Alexander Weissa,b,1, James E. Kingc, Miho Inoue-Murayamad, Tetsuro Matsuzawae, and Andrew J. Oswaldf,g
a Scottish Primate Research Group, bDepartment of Psychology, School of Philosophy, Psychology and Language Sciences, University of Edinburgh, Edinburgh EH8 9JZ, United Kingdom; cDepartment ofPsychology, University of Arizona, Tucson, AZ 85721; dWildlife Research Center of Kyoto University, Sakyo, Kyoto 606-8203, Japan; eSection of Language and Intelligence, Primate Research Institute, Kyoto University, Inuyama, Aichi 484-8506, Japan; fDepartment of Economics and Centre for Competitive Advantage in the Global Economy, University of Warwick, Coventry CV4 7AL, United Kingdom; and gInstitute forthe Study of Labor, 53072 Bonn, Germany
Edited by George A. Akerlof, University of California, Berkeley, and approved October 11, 2012 (received for review July 22, 2012)
Recently, economists and behavioral scientists have studied the pattern of human well-being over the lifespan. In dozens of countries, and for a large range of well-being measures, including happiness and mental health,well-being is high in youth, falls to a nadir in midlife, and rises again in old age. The reasons for this U-shape are still unclear. Present theories emphasize sociological and economic forces. In this study we show that a similar U-shape exists in 508 great apes (two samples of chimpanzees and one sample of orangutans) whose well-being was assessed by raters familiar with the individual apes. ThisU-shaped pattern or “midlife crisis” emerges with or without use of parametric methods. Our results imply that human wellbeing’s curved shape is not uniquely human and that, although it may be partly explained by aspects of human life and society, its origins may lie partly in the biology we share with great apes. These ﬁndings have implications across scientiﬁc and social-scientiﬁc disciplines,and may help to identify ways of enhancing human and ape well-being.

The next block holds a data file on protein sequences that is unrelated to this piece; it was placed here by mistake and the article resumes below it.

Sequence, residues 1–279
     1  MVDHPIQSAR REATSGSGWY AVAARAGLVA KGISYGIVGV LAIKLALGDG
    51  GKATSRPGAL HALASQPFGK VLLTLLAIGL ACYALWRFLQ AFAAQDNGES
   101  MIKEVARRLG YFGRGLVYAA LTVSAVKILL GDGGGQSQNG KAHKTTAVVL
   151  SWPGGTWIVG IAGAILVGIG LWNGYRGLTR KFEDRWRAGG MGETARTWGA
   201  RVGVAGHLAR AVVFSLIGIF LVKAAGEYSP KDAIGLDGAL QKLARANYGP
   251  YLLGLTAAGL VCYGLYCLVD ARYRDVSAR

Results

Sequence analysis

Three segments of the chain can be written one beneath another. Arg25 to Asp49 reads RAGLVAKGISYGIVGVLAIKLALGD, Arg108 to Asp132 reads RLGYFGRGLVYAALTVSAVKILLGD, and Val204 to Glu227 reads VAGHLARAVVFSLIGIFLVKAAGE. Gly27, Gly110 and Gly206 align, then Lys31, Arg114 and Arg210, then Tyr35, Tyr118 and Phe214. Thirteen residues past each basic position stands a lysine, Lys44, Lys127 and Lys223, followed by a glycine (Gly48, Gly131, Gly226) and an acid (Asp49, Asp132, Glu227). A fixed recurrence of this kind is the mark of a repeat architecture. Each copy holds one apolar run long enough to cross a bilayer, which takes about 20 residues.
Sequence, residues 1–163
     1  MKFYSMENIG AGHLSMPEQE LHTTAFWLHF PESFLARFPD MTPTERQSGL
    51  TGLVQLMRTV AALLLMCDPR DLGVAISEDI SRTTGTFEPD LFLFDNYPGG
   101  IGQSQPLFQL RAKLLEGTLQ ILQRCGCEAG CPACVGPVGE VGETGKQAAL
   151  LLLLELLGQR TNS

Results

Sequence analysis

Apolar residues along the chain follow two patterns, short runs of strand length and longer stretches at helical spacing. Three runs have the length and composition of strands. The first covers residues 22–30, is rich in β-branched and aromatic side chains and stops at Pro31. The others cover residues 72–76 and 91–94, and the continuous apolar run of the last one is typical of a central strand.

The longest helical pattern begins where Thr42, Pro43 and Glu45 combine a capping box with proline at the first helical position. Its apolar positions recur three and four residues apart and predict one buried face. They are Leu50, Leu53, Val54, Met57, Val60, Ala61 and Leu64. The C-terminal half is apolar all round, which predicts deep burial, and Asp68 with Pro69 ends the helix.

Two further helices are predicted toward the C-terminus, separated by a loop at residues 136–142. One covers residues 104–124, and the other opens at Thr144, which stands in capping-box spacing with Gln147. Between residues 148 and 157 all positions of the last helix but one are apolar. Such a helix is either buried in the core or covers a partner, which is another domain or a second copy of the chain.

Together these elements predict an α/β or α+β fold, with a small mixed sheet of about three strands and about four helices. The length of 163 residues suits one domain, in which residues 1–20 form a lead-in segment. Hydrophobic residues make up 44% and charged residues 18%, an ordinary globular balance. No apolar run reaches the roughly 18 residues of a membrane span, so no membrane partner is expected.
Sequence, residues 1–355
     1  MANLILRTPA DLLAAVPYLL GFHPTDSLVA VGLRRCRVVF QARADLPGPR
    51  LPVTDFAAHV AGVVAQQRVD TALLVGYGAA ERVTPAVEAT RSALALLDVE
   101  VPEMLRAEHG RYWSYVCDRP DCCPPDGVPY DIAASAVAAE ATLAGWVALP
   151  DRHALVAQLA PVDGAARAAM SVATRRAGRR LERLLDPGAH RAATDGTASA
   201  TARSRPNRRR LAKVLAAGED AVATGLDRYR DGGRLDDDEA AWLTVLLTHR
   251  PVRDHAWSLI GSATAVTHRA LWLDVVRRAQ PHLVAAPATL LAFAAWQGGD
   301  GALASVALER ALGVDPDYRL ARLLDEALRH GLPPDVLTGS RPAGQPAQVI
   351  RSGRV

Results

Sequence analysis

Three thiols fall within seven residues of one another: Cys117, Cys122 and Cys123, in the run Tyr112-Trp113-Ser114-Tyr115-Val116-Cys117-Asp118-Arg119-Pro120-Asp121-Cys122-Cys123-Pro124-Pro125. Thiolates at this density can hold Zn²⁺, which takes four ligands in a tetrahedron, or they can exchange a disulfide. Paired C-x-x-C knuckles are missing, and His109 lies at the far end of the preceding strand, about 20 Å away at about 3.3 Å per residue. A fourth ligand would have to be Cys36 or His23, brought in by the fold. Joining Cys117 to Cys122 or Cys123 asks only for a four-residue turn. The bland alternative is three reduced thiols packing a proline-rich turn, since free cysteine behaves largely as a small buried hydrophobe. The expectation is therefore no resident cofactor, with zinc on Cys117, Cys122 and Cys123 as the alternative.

We explore an alternative explanation. From a very different research tradition, work on great ape (mostly chimpanzee) development has identiﬁed similarities to humans in the development of psychological domains other than well-being (22). Thus, it is worth considering a heretofore untested theory, namely that the Ushapefound in human studies of age and well-being evolved in the common ancestors of humans and nonhuman primates, particularly the great apes. If one could establish that the U-shape in wellbeing exists in nonhuman primates, the implications would be wide-ranging. This ﬁnding would also recommend new hypotheses for well-being researchers. Results In a sample of 155 chimpanzees from Japanese zoos,research centers, and a sanctuary (sample A), a sample of 181 chimpanzees housed in United States and Australian zoos (sample B), and a sample of 172 orangutans housed in United States, Canadian, Australian, and Singaporean zoos (sample C), multiple regression analyses indicated that linear and quadratic age effects were negative and positive, respectively (Table 1). In other words, all three samplesexhibited a U-shape (Fig. 1). The age-related effects were individually signiﬁcant in sample A, but not samples B or C. The curves’ minima were reached at, respectively, ages 28.3, 27.2, and 35.4, and were thus comparable to human well-being minima, which range from ∼45–50 y. In the fourth regression, for the total sample, the linear and quadratic age effects indicated a U-shape and weresigniﬁcant. Linear and quadratic age effects did not signiﬁcantly differ across the samples (Table 2). Finally, the linear and quadratic effects again described a U-shaped function (Fig. 1) and were signiﬁcant after the interaction terms were dropped (Table 2). The curve’s minimum was at age 31.9. Use of 10 banded age variables revealed the same results (SI Text, and Table S2). Discussion Although great...